CHICAGO (Christian Examiner) – The New Testament doesn't reveal Pilate's reaction when he learned of Jesus' resurrection, although Christians throughout the centuries have wondered what he would have done.
A new movie that hits theaters Feb. 19 surmises that Pilate likely would have ordered a region-wide search for the body of Christ, dismissing claims of the resurrection and fearing an uprising against his leadership.
The film is "Risen" (PG-13), and it follows a Roman military officer by the name of Clavius (Joseph Fiennes), an unbeliever who is tasked by Pilate to find the body before Christ's followers exploit what Pilate thinks is a hoax.
"You will track down each and every one of these disciples," Pilate orders him.
Clavius, though, finds not a lifeless body but the living Christ, forcing him to re-examine his entire worldview.
"Risen," of course, is biblical fiction, but it's a story its creators hope will encourage and inspire Christians in their faith, a mere five weeks prior to Easter.
Fiennes has more than 25 films to his credit but may be most well-known among the Christian audience for his portrayal of Martin Luther in the 2003 film "Luther."
The Christian Examiner spoke recently with Fiennes about "Risen." The following is a transcript, edited for clarity:
Christian Examiner: How did you get involved in this project?
Joseph Fiennes: I got a phone call saying (director) Kevin Reynolds was in Spain and would like to meet me; I was in Spain at the same time. I flew over and met him in an airport lounge, and we had at least a two-hour chat. In the end, he very kindly offered me the part. We hit it off. We spoke at length about the balance between Scripture and the fictionalized character of Clavius, which you could say is derived from certain historical characters. I think we got it right, and it seems there's an overwhelmingly positive reaction from theologians and Christian ministers from whom we sought council during filming and the editing process. I'm just a small component in that. It's like a detective story. Clavius goes on this mission, and on that mission, his conditioning and his understanding of the world as he knows it is undone, irrevocably. That was a big challenge, really, to get that believability to the character and also to remain true to Scripture and also to make it a great cinematic event.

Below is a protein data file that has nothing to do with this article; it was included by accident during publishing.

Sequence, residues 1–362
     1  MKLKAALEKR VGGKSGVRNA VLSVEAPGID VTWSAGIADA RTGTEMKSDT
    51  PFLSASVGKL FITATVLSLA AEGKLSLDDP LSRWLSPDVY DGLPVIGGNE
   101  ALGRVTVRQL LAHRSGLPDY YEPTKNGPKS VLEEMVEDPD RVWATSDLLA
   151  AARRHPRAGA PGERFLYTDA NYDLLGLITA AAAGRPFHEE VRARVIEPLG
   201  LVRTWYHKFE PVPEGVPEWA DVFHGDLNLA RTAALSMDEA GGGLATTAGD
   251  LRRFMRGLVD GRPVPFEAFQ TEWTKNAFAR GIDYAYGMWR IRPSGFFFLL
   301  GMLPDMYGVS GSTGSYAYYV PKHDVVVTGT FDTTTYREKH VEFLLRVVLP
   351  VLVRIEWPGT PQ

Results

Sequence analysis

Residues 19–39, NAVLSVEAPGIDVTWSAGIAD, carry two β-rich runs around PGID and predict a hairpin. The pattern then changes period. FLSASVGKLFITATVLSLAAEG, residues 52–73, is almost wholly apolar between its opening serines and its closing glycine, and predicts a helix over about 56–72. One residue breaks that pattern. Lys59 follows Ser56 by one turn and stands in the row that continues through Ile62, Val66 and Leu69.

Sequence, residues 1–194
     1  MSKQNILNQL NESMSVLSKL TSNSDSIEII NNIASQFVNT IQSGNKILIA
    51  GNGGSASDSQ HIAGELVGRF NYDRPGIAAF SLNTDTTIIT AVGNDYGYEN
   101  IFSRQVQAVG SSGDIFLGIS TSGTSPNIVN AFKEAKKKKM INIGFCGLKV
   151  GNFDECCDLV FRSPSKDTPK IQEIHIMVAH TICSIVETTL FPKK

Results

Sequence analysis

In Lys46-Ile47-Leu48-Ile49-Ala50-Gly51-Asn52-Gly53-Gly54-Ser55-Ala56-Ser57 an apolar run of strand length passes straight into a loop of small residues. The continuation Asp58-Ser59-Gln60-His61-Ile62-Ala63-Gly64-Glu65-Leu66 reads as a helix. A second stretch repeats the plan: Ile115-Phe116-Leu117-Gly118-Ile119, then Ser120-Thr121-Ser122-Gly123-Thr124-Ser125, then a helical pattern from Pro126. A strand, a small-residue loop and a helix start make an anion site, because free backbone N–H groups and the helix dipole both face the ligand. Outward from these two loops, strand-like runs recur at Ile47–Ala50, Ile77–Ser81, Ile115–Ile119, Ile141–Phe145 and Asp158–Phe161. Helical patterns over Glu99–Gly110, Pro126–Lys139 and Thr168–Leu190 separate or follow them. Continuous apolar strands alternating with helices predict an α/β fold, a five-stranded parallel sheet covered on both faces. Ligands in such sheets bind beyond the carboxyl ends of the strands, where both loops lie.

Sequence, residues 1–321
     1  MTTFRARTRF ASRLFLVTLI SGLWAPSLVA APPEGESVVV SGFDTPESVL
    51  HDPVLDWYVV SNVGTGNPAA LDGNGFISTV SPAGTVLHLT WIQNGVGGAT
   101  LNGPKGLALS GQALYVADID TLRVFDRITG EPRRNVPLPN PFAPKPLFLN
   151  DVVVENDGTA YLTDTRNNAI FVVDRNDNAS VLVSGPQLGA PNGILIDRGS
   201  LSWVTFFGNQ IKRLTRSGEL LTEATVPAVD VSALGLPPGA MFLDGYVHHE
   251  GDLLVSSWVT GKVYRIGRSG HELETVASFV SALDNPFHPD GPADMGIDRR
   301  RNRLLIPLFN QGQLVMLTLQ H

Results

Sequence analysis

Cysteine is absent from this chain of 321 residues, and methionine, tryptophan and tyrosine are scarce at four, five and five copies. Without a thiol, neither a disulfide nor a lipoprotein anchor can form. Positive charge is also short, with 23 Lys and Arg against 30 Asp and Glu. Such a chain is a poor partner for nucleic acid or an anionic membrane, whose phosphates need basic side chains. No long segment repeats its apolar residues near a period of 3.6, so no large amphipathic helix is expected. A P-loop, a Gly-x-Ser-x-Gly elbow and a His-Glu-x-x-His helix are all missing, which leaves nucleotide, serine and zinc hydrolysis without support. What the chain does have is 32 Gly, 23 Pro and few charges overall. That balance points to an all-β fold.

CE: So how many years did it take to make this film?
Fiennes: I believe the actual writing process took several years, in terms of the idea and then developing the idea. For my part, the filming itself was three and a half months between Malta and Spain. With the cinematography and the locations and the casting, you really feel as you've been picked up and dropped off in this very authentic landscape. That's a huge success with the film.
CE: This is at least your second film about the history of Christianity. What attracts you to these types of faith-based films?
Fiennes: I never really look at them as faith-based. I just look at them as films which speak to me, and somehow it strikes a chord. I don't know why I gravitate toward them or them to me – if it's coincidence or if it's conscience. ...
To read the full interview, click here